Her parents have the same handful of stories that seem to go into rotation every holiday season. They had their funny ones like how Pam broke her leg in first grade from throwing a tantrum and how she immediately told Penny that Santa wasn’t real even though she was specifically told not to do that. They also had their proud parent stories like winning two art contests in middle school and graduating at the top of her class. But out of all of these favorite stories, there’s one story that Pam knows everyone in her family has memorized; the time she got married in kindergarten.
She’s heard the story enough to have every detail memorized, but she can actually only remember little bits and pieces. She remembers his name was Mason. He was just a tiny bit shorter than she was, with brown hair and freckles. They would sit together during lunch and look at books together during recess. She remembers that he eventually started giving her little gifts and notes, but she wouldn’t have remembered what they were if her mom hadn’t kept some of them. A tracing of his hand, a hair tie, some notes with letters that she knows are supposed to be words, but she has no idea what they are supposed to say, a hot glue gun refill, the homemade box that he had given her for valentine’s day that was filled with chocolates and a small teddy bear, and, her parents’ favorite, the gumball machine ring he had given to her for her birthday. They also kept the note that went along with the (now broken) ring that reads “hapee birday. will yu maree me?” with a heart drawn underneath.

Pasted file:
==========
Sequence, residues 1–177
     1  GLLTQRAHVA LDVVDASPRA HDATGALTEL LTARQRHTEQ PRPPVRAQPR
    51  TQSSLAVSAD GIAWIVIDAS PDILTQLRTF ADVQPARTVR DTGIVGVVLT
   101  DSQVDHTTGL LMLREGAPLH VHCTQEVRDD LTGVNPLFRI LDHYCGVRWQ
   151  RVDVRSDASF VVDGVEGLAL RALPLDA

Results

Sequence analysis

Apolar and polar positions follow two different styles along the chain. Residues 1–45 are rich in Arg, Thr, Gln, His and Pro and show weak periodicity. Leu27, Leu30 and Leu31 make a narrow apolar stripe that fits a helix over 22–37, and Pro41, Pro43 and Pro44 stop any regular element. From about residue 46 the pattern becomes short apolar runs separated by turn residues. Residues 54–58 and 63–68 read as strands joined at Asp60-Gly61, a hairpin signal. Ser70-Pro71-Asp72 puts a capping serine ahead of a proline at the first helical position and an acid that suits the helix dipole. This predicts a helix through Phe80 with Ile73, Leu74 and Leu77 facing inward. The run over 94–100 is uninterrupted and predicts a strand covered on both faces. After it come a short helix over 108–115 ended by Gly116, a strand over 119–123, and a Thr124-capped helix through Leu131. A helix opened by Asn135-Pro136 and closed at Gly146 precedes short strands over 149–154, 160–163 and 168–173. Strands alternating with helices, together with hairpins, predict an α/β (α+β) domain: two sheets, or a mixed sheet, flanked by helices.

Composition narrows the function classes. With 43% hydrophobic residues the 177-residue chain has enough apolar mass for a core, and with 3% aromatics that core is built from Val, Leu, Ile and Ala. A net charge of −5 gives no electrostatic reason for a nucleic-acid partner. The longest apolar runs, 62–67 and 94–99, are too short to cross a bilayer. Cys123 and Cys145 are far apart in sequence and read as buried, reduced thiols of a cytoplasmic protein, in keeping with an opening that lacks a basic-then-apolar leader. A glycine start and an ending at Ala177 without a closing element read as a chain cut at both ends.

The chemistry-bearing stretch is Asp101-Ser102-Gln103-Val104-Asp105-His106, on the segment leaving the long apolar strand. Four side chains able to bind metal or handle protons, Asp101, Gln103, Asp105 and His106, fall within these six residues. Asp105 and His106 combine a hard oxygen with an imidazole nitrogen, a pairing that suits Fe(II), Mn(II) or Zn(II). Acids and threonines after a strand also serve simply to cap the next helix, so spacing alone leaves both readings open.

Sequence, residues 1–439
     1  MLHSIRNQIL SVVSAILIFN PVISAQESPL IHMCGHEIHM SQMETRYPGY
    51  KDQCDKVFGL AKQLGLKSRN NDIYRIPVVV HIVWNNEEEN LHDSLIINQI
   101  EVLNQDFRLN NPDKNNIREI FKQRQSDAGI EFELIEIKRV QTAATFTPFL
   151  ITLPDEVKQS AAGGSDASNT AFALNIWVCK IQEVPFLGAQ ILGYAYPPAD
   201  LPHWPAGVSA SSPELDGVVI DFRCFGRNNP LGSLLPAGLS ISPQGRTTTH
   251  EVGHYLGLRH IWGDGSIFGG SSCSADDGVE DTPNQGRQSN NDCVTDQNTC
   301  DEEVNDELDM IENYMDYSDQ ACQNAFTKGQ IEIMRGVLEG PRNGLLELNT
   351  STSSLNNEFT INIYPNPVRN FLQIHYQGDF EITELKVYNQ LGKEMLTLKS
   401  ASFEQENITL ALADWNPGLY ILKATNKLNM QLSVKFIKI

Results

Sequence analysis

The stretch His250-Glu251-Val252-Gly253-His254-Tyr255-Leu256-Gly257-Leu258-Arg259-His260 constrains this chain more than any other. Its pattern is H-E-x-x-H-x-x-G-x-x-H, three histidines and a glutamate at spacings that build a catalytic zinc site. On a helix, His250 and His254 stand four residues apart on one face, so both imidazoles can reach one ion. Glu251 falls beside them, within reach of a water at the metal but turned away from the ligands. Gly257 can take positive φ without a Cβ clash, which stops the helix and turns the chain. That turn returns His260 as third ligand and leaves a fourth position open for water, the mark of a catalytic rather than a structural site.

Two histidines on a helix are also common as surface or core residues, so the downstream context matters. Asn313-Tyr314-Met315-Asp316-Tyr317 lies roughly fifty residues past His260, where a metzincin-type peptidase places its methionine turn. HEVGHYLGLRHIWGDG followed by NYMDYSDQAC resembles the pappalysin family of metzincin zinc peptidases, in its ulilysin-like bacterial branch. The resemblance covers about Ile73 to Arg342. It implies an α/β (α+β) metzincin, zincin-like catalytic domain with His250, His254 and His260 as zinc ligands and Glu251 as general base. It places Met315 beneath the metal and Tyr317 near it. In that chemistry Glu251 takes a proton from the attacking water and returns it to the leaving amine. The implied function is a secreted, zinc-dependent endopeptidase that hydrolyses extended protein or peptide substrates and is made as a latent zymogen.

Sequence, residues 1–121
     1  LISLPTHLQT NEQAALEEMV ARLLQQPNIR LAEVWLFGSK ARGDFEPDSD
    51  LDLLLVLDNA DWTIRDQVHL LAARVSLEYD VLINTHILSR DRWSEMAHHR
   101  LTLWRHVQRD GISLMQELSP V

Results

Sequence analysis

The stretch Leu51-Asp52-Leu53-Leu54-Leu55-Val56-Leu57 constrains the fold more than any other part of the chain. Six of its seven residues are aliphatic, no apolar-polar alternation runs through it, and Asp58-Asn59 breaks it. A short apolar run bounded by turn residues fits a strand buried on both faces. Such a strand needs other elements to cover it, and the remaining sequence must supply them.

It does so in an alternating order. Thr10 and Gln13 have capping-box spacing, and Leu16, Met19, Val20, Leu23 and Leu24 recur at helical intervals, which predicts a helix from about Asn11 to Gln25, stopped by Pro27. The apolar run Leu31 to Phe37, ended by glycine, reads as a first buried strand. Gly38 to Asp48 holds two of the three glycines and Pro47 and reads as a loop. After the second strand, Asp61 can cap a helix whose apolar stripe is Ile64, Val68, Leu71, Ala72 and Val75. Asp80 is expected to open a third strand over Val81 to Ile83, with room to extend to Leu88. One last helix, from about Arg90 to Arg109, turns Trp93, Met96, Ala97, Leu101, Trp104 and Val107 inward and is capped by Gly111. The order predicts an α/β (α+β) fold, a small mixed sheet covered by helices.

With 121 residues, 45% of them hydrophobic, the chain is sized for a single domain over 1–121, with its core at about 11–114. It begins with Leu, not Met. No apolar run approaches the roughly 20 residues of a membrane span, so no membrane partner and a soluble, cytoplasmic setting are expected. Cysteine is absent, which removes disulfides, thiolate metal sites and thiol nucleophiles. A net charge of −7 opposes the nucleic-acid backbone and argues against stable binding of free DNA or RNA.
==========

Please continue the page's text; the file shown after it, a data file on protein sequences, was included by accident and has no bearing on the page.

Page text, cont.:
She remembers wearing a white dress to school one day and Mason had on a black polo. She remembers her best friend, Danielle, telling them to say, “I love you” and then kiss. She can still hear the giggles and little “ew”s from the few classmates that had joined the audience. Their honeymoon was spent under the slide where they kissed one more time before going off in separate directions to meet up with friends. She wore that gumball machine ring until it broke the summer after kindergarten, right before they moved, and she never saw her five-year-old husband again. Sometimes she wonders if his parents tell the story as much as hers do.